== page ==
4- Know what colors work for you.
Maybe this isn’t so much budget as just shopping-sense. But if there’s a baby poop green silk taffeta on clearance for $5/ yd, don’t be romanced by the price tag if the color makes you look like death. Because even if those five yards only cost you $25, that color still makes you look like death and that $25 could go to something that would be more flattering and you’ll like more.
This hobby takes a ton of man-hours to make something beautiful. Spend those hours making something pretty, not something that you keep having to talk yourself into liking.
Learned this one from experience.
5- Pay attention to what fabrics feel good on you.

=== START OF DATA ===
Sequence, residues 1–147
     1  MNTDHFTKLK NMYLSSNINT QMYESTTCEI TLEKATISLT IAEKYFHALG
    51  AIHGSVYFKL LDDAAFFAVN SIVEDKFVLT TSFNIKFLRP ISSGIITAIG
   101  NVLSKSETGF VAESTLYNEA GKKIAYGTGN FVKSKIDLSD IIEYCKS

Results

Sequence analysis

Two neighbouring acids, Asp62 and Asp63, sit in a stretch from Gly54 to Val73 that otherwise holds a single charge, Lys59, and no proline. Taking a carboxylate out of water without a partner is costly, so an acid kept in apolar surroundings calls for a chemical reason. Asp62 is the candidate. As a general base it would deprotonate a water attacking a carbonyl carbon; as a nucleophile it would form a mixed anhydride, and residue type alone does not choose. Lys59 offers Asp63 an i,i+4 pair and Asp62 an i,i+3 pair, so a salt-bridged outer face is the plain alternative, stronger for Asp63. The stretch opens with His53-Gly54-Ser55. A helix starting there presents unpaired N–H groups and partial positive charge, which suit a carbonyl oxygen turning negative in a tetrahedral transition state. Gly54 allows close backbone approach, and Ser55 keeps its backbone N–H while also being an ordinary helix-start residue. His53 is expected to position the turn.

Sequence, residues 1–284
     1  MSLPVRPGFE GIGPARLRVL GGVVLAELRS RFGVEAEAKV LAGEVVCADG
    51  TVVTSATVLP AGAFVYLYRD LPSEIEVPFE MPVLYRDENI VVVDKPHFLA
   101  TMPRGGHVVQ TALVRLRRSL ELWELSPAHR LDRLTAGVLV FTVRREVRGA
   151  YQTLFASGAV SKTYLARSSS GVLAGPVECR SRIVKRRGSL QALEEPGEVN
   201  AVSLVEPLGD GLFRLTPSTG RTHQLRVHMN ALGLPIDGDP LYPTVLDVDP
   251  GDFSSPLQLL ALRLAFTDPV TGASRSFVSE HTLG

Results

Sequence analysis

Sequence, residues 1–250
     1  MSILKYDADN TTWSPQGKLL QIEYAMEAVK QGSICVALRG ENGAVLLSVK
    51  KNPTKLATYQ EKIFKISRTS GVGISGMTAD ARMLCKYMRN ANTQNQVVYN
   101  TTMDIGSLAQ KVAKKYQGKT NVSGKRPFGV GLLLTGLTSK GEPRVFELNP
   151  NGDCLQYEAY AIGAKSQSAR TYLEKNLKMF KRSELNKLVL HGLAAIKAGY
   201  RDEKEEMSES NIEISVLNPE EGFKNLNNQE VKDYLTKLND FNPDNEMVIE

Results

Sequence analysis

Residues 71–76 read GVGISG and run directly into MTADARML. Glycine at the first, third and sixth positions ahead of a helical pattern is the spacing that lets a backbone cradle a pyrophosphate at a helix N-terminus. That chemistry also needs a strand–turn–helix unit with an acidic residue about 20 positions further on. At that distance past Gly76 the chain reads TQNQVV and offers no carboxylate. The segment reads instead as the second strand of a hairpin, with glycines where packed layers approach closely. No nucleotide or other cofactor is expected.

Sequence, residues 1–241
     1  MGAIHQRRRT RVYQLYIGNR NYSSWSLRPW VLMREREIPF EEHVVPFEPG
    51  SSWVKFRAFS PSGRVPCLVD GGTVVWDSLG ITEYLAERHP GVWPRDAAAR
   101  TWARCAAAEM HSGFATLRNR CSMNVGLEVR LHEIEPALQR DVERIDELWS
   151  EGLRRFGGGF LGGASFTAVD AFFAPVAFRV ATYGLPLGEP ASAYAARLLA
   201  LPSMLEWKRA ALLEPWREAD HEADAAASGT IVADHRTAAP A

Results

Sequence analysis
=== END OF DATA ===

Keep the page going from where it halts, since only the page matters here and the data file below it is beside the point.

Let’s be clear- you can sew of anything you darn well please. It’s about knowing what fabrics you like to wear. Are there things you love to wear in your personal closet? Or are there things you steer clear of? For me, I don’t buy polyester clothing because it makes me feel sweaty and sticky. But I’ve made entire bustle dresses out of poly so I’m not here to judge you if that’s your jam.
I once talked myself into a pretty poly plaid, in spite of never liking to wear polyester, because it was so lovely. But the dress was hot and uncomfortable and no matter how cheap it was or how pretty it looks in photos- if I felt like I was wearing a plastic trash bag and my armpits were sweating and I felt clammy all day. Yuck!
So figure out what fabrics FEEL GOOD on you and don’t just be romanced by price tag or pattern if it’s not something you like to wear in your real life. Adding another one to the “don’t buy it just because it’s a good deal” lesson. If I had spent the money on a cotton I probably would have worn it a lot more!